• Review your PSL and your supply chain - ask whether they would be happy to sign a disclaimer, and / or provide information that shows that they are not facilitators of tax evasion.
  • Recruiters must show that they have reasonable preventative measures in place which stop their contractors joining these schemes
  • Train your consultants on compliant options - we would be happy to provide assistance with this
  • Update your internal policy and consultant hand book

 Also look out for...
Undisclosed payments -  Payment made directly to consultants for referrals may show motive as well as awareness of the scheme.
Acknowledgement that the contractor is receiving a higher financial net benefit - those schemes that promise a "Too good to be true" take home pay, probably are.

Does this measure cover tax avoidance?
• The new laws target deliberate and dishonest behaviour at the taxpayer level.
• They do not create any new offences at the individual level - if activity would currently be considered tax evasion under the existing law then it will continue to be so.
• Likewise, if activity would not currently be considered tax evasion, then the new law does not make it tax evasion.

Remember that this becomes enforceable from the 30th of September 2017, if you are at risk, you need to act now.

 ESCG welcomes this piece of legislation and hopes that it stamps out the non compliant businesses that exist in the current market.  We continually ensure that the solutions we promote are complying, and are happy to discuss any concerns that you may already have so please feel free to give us a call:  0207 808 6405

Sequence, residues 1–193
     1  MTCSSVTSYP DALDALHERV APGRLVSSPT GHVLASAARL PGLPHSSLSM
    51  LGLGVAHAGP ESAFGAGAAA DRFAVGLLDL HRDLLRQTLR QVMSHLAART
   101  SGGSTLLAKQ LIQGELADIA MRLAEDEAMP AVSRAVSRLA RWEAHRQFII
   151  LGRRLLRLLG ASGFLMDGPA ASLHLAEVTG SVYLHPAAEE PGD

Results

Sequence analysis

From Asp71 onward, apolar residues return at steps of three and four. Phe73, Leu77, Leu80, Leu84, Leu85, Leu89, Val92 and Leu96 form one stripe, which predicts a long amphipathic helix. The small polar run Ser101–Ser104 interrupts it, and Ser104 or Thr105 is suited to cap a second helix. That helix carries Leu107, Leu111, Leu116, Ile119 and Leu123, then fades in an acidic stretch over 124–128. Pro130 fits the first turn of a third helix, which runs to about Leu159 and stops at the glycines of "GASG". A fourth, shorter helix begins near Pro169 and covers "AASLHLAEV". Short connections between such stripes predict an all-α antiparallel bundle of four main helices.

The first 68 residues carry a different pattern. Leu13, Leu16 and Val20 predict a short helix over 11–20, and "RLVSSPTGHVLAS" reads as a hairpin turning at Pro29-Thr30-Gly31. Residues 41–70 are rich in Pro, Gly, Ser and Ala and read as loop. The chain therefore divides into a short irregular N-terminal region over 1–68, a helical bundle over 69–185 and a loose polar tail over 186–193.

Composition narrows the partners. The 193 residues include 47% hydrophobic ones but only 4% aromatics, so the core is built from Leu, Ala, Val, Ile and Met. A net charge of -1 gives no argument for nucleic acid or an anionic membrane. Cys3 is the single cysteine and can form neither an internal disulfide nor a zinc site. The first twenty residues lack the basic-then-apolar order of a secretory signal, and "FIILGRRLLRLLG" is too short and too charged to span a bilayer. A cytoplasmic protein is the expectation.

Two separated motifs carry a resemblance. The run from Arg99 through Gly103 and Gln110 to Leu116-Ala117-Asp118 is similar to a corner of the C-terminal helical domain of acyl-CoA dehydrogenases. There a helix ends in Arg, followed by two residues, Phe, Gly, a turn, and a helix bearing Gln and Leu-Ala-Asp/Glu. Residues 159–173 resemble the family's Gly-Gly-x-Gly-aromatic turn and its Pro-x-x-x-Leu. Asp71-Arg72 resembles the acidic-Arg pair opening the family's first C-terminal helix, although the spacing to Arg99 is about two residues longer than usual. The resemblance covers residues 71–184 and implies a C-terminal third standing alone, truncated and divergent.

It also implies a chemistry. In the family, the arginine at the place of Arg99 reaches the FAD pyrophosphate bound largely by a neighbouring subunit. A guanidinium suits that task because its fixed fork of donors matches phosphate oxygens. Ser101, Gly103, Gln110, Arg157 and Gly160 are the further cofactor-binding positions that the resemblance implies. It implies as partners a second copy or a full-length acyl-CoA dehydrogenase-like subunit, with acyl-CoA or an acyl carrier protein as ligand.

Have you been approached by direct tax avoidance schemes and are they worth the commercial risk?

Legislation over the last 24 months has changed to tighten up on any tax-avoidance loopholes to varying degrees. This is evident in areas relating to Supervision, Direction and Control (SDC), VAT Flat Rate Scheme for limited cost and service companies, employment allowance for 1-man Limited Companies, public sector IR35 measures, and companies issuing ‘loans’ that are never repaid.

It is therefore not surprising to see a host of new (and arguably creative) offerings surface, promising high returns that are seemingly unlikely if not impossible to achieve without being contrived.

If it sounds too good to be true, it probably is. We want to make you aware of such schemes and the risks involved in engaging providers of such schemes so that you are better placed to make more informed decisions.

Employee Benefit Trust (EBT)

This is classed as "disguised remuneration" and occurs where an employer pays a contribution onto a third party (EBT) instead of paying the employee directly.

The EBT then provides the funds to the employee in the form of loan. These loans are generally interest free, and are signed under terms that meant that they would not be repaid in the employee's lifetime.

Alternatives to a loan could be that the funds would be invested by the third party, to be provided to the employee at a later stage. Both are intended to avoid payment of Income tax and National Insurance.

The disguised remuneration legislation was introduced in the Finance Act 2011. Since then, there have been several incarnations of the above including Employer

Financed Retirement Benefit Schemes (EFRBS) which claims that workers are not solely employees.

HMRC is tackling those that have not taken the settlement opportunity by investigating tax returns and seeking full settlement of tax due, plus interest and penalties where appropriate.